By Chuck Leavell, Owner of Charlane Woodlands and Keyboardist with The Rolling Stones; and Tom Martin, former President and CEO of The American Forest Foundation
As we celebrate another Earth Day we can take pride in the conservation progress of the last half-century. Our nation is a richer, safer place with abundant wild places to appreciate. As woodland owners and conservationists we look with wonder at what our nations mosaic of forests gives us every day in a bounty of clean water, clean air, wildlife habitat, recreation and good paying rural jobs. We are thankful for all this.
However, this time of the year also brings a reminder of the looming threat of wildfires. The catastrophic wildfire seasons of today, fueled by a changing climate, run hotter, last longer and do more damage to people and nature than any time on record. These raging conflagrations are putting at risk much of the conservation progress of the last 50 years and the benefits our forest provide. They threaten communities, families, fire fighters, power supplies, businesses as well as nature. They release enormous pulses of carbon back into the atmosphere fueling further climate change.
Our challenge is to use the ethos of conservation to mitigate the menace of wildfire, to conserve nature and shield our lives and built environment. This is an especially daunting task as wildfire is a naturally occurring phenomenon, one twisted by climate change and years of unnatural suppression into a destructive force. There are some conservation principles that can let us both honor nature and protect lives.
Mimic nature. Our natural forests often have fire as a key component to its resiliency. We can use that lesson to let wildfires burn when they won’t create catastrophic damage, and when its safe, use prescribed fire to keep forests in balance. Use mechanical thinning to restore forests that have become overgrown to their heartier state with stronger trees.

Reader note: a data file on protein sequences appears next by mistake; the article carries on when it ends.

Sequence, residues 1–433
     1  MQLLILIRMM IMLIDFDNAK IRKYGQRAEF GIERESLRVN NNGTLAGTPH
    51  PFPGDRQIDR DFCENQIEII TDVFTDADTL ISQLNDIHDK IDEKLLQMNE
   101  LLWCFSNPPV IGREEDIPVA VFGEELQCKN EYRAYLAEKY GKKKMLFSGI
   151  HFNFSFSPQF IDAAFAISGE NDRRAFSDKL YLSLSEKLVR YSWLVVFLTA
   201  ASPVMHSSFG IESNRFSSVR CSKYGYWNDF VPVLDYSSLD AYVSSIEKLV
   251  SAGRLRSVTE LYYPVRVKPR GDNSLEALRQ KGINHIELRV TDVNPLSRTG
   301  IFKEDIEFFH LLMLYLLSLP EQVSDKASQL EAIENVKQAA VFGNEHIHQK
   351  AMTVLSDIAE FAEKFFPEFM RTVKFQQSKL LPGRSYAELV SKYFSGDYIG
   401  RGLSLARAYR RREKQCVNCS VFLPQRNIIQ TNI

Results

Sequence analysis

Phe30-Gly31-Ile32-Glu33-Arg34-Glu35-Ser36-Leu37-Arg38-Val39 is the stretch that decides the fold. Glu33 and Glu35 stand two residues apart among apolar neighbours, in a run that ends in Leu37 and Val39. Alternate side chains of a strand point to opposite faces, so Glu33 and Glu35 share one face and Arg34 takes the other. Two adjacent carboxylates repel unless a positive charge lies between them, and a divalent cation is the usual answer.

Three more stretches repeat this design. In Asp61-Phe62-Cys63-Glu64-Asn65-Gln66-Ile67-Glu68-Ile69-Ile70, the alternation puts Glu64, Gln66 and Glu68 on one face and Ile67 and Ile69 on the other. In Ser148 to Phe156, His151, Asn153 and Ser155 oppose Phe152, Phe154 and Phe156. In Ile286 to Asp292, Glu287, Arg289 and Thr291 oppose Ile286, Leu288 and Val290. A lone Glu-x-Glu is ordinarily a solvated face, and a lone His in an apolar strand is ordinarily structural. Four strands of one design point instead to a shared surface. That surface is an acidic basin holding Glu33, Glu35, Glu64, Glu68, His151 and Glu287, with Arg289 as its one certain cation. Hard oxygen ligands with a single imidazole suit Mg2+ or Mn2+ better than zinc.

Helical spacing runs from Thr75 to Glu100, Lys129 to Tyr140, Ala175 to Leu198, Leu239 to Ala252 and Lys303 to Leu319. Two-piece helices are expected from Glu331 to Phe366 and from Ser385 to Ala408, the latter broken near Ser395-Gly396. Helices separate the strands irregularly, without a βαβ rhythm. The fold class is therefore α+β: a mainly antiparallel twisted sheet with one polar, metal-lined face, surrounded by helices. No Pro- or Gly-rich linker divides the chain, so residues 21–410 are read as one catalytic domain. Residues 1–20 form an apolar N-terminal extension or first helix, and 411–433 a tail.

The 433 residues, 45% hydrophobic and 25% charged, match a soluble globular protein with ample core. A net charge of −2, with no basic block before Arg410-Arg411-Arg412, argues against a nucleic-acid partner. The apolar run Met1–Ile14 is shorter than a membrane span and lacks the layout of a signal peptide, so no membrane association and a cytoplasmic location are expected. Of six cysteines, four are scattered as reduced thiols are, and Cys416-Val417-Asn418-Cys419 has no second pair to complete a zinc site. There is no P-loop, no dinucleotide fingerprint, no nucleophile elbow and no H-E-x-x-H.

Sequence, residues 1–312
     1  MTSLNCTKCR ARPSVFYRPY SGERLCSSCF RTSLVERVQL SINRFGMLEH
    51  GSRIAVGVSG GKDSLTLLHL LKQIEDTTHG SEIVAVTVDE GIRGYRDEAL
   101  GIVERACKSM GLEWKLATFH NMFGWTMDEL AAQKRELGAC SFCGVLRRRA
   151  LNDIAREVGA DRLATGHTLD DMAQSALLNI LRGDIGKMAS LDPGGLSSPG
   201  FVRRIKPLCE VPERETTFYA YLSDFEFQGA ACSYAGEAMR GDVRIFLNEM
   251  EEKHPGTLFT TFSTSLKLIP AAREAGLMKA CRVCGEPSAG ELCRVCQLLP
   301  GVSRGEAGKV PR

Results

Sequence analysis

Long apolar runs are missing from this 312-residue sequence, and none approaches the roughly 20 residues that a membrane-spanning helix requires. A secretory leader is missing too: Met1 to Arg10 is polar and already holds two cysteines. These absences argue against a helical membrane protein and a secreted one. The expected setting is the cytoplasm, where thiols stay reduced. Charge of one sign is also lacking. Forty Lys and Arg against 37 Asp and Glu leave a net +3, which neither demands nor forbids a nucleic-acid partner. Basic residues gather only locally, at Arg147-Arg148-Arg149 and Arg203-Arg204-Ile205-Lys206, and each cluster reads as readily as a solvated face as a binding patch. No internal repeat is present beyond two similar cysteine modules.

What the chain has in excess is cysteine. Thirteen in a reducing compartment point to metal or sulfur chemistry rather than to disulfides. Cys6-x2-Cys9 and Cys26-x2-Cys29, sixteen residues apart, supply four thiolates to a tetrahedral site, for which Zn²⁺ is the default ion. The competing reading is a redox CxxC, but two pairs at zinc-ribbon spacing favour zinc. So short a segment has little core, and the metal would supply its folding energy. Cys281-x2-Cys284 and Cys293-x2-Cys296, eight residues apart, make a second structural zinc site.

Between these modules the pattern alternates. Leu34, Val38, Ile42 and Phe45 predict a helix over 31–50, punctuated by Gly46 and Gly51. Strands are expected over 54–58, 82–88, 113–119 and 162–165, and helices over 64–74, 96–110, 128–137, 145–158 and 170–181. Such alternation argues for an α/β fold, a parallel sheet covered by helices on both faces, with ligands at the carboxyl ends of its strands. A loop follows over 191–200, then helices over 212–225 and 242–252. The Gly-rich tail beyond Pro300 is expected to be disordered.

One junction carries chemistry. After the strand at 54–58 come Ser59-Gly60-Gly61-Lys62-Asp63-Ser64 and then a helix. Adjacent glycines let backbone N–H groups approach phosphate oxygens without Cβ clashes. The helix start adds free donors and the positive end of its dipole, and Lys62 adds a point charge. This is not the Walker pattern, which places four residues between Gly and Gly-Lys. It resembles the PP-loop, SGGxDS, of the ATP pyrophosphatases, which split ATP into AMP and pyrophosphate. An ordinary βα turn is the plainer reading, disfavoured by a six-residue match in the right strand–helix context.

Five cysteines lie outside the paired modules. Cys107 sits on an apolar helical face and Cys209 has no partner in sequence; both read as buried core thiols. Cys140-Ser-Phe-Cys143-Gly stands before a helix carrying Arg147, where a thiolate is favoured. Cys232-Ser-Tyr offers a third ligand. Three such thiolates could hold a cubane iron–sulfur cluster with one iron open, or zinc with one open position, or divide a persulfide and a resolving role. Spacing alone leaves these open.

Use nature’s boundaries, not property lines. Most of the forests in the US are privately owned and the largest segment of forests are owned families and individuals. Wildfire runs across all these forests. We need to make the tools of fire resiliency available to all these lands.
Respect special places. Our National Parks and Wilderness Areas have been given protected status because of the unique characteristics they have. We should continue to guard them from commerical exploitation but ensure that they are not destroyed by catastrophic wildfire or pass it along to neighboring communities.
Support sustainable systems. Consumers can make choices to buy products that mitigate climate change and wildfire. Sustainably grown wood products are more climate-friendly than plastic, concrete or steel – and can help provide markets for the wood thinnings needed to reduce risk.
Honor the people that make this possible. We have too few wildland firefighters and other forest workers and they are often underpaid for the work they do. A focus on training and recruitment is desperately needed.
Learn from the past. Knowing how forests thrived in the past has helped create a path for a more resilient future. We need an assessment and learning strategy to gather information from the evolving wildfire world, identify then quickly spread best practices as they emerge.
In recent months the Biden Administration and Congress have committed to significant future investments in addressing the catastrophic wildfire issue. This is a good step forward. But as we see in natural systems change will take time. The wildfire issue has taken decades of suppression and climate change to reach this critical state and the danger will not abate quickly. Fires will burn even as good work to mitigate them goes on.
As woodland owners and conservationists we have learned that patience isn’t just a virtue in forest management, it’s a necessity. As the wildfire season heats up again and smoke fills our skies there will be those that understandably shriek for instant solutions and those that say we can (or should) do nothing. We have learned that we can repair systems and help make them more resilient but it takes time, patience and an understanding of what nature teaches.